Six months later, we switched to pagination using Quark, like I'd used in college. I was lovin' it. My co-workers, most of whom had never done pagination, were hatin' it.
     
  8. Starman

    Starman Well-Known Member

    My dad started in journalism in 1947, typing up stories on my grandfather's hand-me-down typewriter dating from about 1915. (I still have that typewriter on my office bookcase.)

    Stories were typed triple-spaced on half-sheets of copy paper, and pasted together with that stinky stretchy rubber cement. They were corrected in grease pencil on the copy sheets. If you wanted to move a paragraph, you cut the paragraph out with scissors and pasted the whole thing together again. Then you took the whole glued-together paper chain to the linotype operator, who typed the whole thing in character by character to have it set in hot lead.

    His last days at work were in November 2000, when he was laying out pages on Quark, designing graphic page elements and pulling in digitally-processed photos.
     
  9. HanSenSE

    HanSenSE Well-Known Member

    Oh, how I love telling the newbies here how, back in my day, one of the perks of being an editor was you got an electric typewriter!

    Never did the teleram thing, but still remember with great pain the number of times a trs-80 failed me on the road. In fact, we ended up taking it for appearance's sake, knowing we'd have to dictate anyway and our plant was too f'ing cheap to update the technology! It was so bad, one time when I had an overnighter at a regional softball tournament, I dug up an old typewriter, wrote on it, and had the hotel desk fax it to my office, figuring it would be easier for them to read than take dictation.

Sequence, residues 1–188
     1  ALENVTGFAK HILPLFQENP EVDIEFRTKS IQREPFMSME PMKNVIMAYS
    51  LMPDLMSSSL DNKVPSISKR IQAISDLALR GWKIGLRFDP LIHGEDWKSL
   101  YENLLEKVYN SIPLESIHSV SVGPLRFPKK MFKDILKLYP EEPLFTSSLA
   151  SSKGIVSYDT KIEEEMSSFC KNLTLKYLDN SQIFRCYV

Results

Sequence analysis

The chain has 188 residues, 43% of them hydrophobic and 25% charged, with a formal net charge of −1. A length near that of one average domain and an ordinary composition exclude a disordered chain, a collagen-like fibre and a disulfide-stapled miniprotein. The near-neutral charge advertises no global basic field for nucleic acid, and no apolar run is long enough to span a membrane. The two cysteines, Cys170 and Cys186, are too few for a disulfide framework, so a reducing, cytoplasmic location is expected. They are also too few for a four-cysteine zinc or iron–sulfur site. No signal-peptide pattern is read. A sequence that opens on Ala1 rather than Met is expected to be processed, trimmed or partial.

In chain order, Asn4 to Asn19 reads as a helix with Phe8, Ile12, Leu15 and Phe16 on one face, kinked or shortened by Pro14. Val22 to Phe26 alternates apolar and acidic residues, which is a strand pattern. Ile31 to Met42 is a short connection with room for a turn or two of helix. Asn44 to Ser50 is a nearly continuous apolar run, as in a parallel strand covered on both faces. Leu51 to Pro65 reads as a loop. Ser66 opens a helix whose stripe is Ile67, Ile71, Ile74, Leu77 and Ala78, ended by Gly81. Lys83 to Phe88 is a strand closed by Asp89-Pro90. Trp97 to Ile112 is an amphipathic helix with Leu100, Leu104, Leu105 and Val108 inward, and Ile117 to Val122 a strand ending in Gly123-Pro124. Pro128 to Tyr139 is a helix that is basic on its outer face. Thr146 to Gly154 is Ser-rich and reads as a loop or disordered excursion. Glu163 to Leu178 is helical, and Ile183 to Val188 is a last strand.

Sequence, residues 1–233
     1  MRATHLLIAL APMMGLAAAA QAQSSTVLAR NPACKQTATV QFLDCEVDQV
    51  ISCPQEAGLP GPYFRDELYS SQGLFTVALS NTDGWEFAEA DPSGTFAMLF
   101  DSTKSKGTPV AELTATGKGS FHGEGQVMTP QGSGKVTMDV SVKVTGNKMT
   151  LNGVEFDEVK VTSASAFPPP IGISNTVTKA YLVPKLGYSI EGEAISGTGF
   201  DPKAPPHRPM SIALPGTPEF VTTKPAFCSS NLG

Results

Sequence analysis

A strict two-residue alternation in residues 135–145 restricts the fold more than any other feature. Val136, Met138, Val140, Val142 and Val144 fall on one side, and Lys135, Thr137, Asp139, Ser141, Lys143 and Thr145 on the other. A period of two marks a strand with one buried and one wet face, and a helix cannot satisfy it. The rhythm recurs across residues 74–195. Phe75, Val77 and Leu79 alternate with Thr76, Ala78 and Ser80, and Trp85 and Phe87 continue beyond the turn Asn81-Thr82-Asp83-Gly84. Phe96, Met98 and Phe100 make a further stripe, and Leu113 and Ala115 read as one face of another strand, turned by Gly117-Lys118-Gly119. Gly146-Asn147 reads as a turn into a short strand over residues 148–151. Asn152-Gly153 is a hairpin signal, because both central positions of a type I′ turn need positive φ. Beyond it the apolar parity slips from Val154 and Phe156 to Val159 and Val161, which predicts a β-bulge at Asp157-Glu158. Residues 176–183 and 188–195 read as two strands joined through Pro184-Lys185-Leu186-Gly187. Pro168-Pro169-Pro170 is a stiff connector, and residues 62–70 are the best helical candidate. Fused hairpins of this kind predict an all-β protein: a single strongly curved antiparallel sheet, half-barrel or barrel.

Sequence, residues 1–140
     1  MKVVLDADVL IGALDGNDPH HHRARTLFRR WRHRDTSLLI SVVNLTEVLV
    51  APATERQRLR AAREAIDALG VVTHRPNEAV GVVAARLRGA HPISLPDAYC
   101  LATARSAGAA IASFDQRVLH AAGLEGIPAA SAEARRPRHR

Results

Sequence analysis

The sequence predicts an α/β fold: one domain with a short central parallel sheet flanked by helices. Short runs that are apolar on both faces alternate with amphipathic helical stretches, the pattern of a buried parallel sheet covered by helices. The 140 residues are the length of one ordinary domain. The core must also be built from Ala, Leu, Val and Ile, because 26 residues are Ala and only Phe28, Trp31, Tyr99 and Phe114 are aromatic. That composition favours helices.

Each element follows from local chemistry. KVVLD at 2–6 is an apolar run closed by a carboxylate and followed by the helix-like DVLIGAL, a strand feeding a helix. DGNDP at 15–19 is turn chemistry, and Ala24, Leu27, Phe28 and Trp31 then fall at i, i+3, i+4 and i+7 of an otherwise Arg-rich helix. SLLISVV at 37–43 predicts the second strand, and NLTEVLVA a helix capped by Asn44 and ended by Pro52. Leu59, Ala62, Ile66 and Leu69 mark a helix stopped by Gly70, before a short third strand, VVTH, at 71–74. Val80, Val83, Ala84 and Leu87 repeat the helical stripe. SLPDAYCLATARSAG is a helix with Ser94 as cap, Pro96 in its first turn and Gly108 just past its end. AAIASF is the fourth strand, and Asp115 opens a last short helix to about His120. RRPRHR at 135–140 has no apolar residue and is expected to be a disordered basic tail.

Oh, and there was the time we got an FTP site. The ME thought it was the greatest thing since sliced bread, and wondered why I couldn't use that to send my stories from the state track meet!
     
  10. ThatGuy

    ThatGuy Member

    I started working at a radio station in the late 70's ...used to rip copy from the teletype and read it on the air...if the bell rang on the teletype it was an oh shit drop what you are doing moment...typed up stories on three layer paper that gave you two copies...the bottom one went to the news director...used to yell 'type harder I can't read this shit'....after a 23 year stint in the military came back out and got lucky and got a job working for a national publication covering NASCAR...in 2006 at Chicago the internet went down and I had to call my deadline story in via phone, good thing the desk person was old school 'First para: So and so won, (COMMA)...(STOP)...' we laughed later....also every time I walk into the press box at Daytona I see the old teletype machines by the door and say to myself 'I remember when those things worked' ...damn I'm getting old...
     
  11. BTExpress

    BTExpress Well-Known Member

    1986: Pica poles . . . crop wheels . . . pasting type onto board in composing room . . . camera room has to shoot negatives of board from which to make a plate for press.

    Deadline: 2:15 a.m.


    2010: CCI . . . Newsgate . . . e-mail . . . stories going directly onto page when writer finishes . . . entire pages (ugh!) being available at the click of a button from sister papers . . . typeset pages going directly to negative for plateroom.

    Deadline: 11 p.m. (unless it's 10:30).

    Yep. Technology is wonderful. ::)
     
  12. rpmmutant

    rpmmutant Member

    My first job in newspapers was in the production department. I was cutting and pasting stories and sending the pages to the press room to be plated. I remember one night we had to melt down candles because we ran out of wax for the waxer. For some reason it didn't occur to us to just use glue. And I can't remember how many times I almost sliced the tops of my fingers off with Xacto knives.